GNU Emacs For Mac OS X Pure builds of Emacs for Mac OS X. Download Emacs Version 27.1-1 Universal Binary (62.351 MB) Released 2020-08-11 Usually there's a nifty page here with a big download button. But you are using a browser which doesn't support SVG.

  • How to find the 'emacs Psychotherapist' Easter Egg in Mac OS X. Go to finder then applications. Go to the Utilities folder and open Terminal. When it has started up type in 'emacs' (without speech marks) and press enter. Then press x and escape together. Then type in 'doctor' (again without speech.
  • Dash is an API Documentation Browser and Code Snippet Manager. Dash searches offline documentation of 200+ APIs and stores snippets of code. You can also generate your own documentation sets.
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I wanted a nice experience using Emacs for Mac OS X. By 'nice' Imean:

  • Emacs runs in server mode. It's started like other OS X software by Launch Services.
  • I can connect to it with graphical or terminal-based clients easily.
  • Graphical clients use Cocoa and not X11.
  • There's an icon on my dock to pop up a new graphical frame.
  • There's a shell command I can type to open a new graphical frame.
  • There's something I can type into Spotlight to open a new graphical frame.
  • If the server is dead for some reason, there's a way to start it in a small number of clicks.
  • If the server is dead for some reason, as many as the above features as possible still work.
  • It's easy, but not the default, to start standalone (non-client) Emacs instances as well.

Emacs For Mac Os X

You too can bring several hours and three separate scripting tools tobear on this, or follow the simple (hah hah) instructions below.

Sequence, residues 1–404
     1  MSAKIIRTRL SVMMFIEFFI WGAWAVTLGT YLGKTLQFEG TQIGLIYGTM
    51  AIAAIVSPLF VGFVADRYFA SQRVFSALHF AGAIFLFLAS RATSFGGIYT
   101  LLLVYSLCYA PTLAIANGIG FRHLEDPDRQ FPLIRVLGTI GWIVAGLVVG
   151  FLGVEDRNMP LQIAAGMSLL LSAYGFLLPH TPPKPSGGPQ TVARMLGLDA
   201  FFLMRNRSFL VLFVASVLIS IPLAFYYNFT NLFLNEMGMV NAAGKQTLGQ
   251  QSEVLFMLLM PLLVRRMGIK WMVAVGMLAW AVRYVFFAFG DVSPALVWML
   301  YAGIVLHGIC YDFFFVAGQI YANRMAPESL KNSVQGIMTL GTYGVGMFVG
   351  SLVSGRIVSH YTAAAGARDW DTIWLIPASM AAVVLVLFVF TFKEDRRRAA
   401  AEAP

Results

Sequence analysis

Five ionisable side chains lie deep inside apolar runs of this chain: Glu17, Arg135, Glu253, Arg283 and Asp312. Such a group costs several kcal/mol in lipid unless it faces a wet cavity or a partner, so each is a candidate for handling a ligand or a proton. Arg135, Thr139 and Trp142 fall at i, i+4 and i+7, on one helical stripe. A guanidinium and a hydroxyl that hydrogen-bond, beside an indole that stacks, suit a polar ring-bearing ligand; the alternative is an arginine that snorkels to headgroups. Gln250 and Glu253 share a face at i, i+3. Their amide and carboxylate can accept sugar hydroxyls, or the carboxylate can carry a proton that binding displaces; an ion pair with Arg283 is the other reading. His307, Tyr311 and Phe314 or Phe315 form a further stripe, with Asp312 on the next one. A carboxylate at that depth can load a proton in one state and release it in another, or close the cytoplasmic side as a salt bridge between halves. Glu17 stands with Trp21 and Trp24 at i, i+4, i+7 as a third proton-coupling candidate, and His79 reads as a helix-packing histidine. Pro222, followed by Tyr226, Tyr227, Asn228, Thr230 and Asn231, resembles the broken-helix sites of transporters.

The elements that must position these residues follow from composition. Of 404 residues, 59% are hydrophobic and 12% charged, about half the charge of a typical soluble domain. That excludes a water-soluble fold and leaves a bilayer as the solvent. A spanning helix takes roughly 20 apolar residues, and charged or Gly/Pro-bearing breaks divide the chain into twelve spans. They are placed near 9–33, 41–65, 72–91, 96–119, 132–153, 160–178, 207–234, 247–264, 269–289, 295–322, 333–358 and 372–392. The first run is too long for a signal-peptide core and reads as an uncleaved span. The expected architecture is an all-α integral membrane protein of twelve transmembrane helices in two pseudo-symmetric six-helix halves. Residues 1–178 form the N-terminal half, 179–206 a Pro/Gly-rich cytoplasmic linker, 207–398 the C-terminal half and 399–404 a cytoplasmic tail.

First, install Emacs For Mac OS X. The Emacs that comes with OS X isold and crusty, and the one at that site is new and Cocoa-ready andRetina-enabled and so on. Put it in /Applications - if you put itsomewhere else, you'll need to correct all the other scripts I'mmentioning in this post.

Emacs Server at Login

Open up the AppleScript Editor. If you're an Emacs user this probablylooks awful and confusing to you. Paste the following into it:

Press ⌘K to compile it, then ⌘S and save it in/Applications/Development. (This subfolder keeps your Applicationsmenu clean, and has an important effect on sort order later.) To giveit a nice icon, select the original Emacs.app; press ⌘I; click theicon in the top-left; press ⌘C; select on your new Emacs Server.appbundle; press ⌘I; click the icon in the top-left; press ⌘V.

Open up System Preferences > Users & Groups > Login Items and nowyou can press the + button and choose Emacs Server.

The server is invisible until you first connect a client to it. Thenit will appear in the dock, as the regular Emacs.app.

Emacs For Mac Os X

New Frame Dock Icon

Emacs For Mac Os X

To make a dock icon that opens up a new Emacs frame - a client if theserver is available, a standalone instance otherwise - create thefollowing script in the AppleScript Editor and save it as anApplication named Emacs Client. in /Applications/Development.